What is Materially Speaking?
Materially Speaking is a podcast where artists and artisans tell their stories through the materials they choose.
We start by hearing from artists working in a small town called Pietrasanta in northern Italy. Generations of sculptors have been coming here since Michelangelo arrived 500 years ago to work with the locally sourced marble and skilled artisans. Later we’ll meet people working in wood, bronze and other materials to explore their relationships with their chosen medium.
Sarah Monk was initially inspired to make this podcast because of the influence of her father. ‘He was a craftsman who carved Renaissance musical instruments from wood so I’ve always admired craft skills.’ Later, when she saw how the unique artisan population of Pietrasanta was ageing and new technologies were taking over, she says ‘I wondered what we would all lose if these skills, wisdom and experience disappeared forever.’
Nature’s ability to inspire artists seems infinite, but with the climate emergency and likelihood we’ll lose these natural resources that have sustained us for thousands of years, isn’t now the time to listen to those who work slowly with stone and make objects that will last for centuries?
The seeds for Materially Speaking were planted early. While Sarah’s father carved cornetts and serpents – 16th century wind instruments – she’d accompany him carving wood in his workshop. The noise of wood-turning lathes and musicians trying out mouthpieces became the soundtrack to her childhood. His passion led him to experiment with casting instruments in resin and using computer-driven machinery, giving Sarah a lifelong interest in the links and differences between old and new methods of making.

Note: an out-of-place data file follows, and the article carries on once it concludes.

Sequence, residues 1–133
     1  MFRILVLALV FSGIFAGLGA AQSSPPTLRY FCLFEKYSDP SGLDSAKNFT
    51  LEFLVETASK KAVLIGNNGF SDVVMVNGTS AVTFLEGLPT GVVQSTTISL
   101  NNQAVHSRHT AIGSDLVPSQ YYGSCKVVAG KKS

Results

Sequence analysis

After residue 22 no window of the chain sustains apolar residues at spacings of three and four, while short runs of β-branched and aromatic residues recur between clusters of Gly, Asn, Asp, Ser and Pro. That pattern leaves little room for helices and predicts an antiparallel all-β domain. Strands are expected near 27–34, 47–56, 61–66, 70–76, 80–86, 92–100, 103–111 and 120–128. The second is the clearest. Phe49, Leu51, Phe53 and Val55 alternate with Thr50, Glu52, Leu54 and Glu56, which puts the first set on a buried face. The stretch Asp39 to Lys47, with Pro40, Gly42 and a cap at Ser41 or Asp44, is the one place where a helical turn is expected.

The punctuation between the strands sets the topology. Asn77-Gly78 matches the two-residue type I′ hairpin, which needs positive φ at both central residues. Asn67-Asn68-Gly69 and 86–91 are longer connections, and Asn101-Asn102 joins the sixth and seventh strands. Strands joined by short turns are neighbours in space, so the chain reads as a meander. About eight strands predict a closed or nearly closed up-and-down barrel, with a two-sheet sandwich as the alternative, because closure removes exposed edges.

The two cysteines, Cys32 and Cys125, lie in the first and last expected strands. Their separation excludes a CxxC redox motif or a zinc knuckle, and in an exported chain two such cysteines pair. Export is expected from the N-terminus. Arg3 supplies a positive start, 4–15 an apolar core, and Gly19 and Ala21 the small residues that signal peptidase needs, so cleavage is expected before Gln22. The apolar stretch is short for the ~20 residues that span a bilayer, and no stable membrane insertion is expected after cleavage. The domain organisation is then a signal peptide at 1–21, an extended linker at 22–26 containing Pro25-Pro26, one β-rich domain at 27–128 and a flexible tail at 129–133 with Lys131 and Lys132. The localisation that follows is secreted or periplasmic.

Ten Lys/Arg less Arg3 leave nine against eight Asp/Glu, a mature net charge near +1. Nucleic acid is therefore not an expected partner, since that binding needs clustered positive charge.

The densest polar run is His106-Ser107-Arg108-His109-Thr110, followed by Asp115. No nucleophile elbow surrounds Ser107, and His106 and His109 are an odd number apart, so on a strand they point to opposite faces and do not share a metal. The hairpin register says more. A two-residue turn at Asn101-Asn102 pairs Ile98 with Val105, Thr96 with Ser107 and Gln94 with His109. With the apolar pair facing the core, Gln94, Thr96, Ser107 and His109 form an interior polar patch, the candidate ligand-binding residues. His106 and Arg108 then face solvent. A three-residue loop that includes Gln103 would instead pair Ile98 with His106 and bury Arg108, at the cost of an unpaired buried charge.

Before setting up Materially Speaking, Sarah produced other audio work including a series of ten stories about railway workers and commuters at King’s Cross, for King’s Cross Story Palace. While in the US, Sarah was director of CultureFiles in Philadelphia, producing an online guide to the arts and culture of the city. She also wrote and presented a live weekly arts segment on NBC, What to do at the weekend. Sarah’s passion for music led to her founding Prelude Entertainment, producing concerts and providing musicians for corporate hospitality at venues including The British Museum, Royal Academy of Arts, Natural History Museum, Science Museum and Tate.
Sarah lives and works in north London.
Sarah would like to thank the many people who made Materially Speaking possible. Most particularly, all the artists and artisans who gave up their valuable time to speak. Sarah also acknowledges the support and encouragement from the wider community – historians, studio heads, gallery owners and others – who offered advice, shared contacts and pointed her in intriguing and welcoming directions. For the composition of the musical ‘sting’, Sarah thanks Guy Dowsett.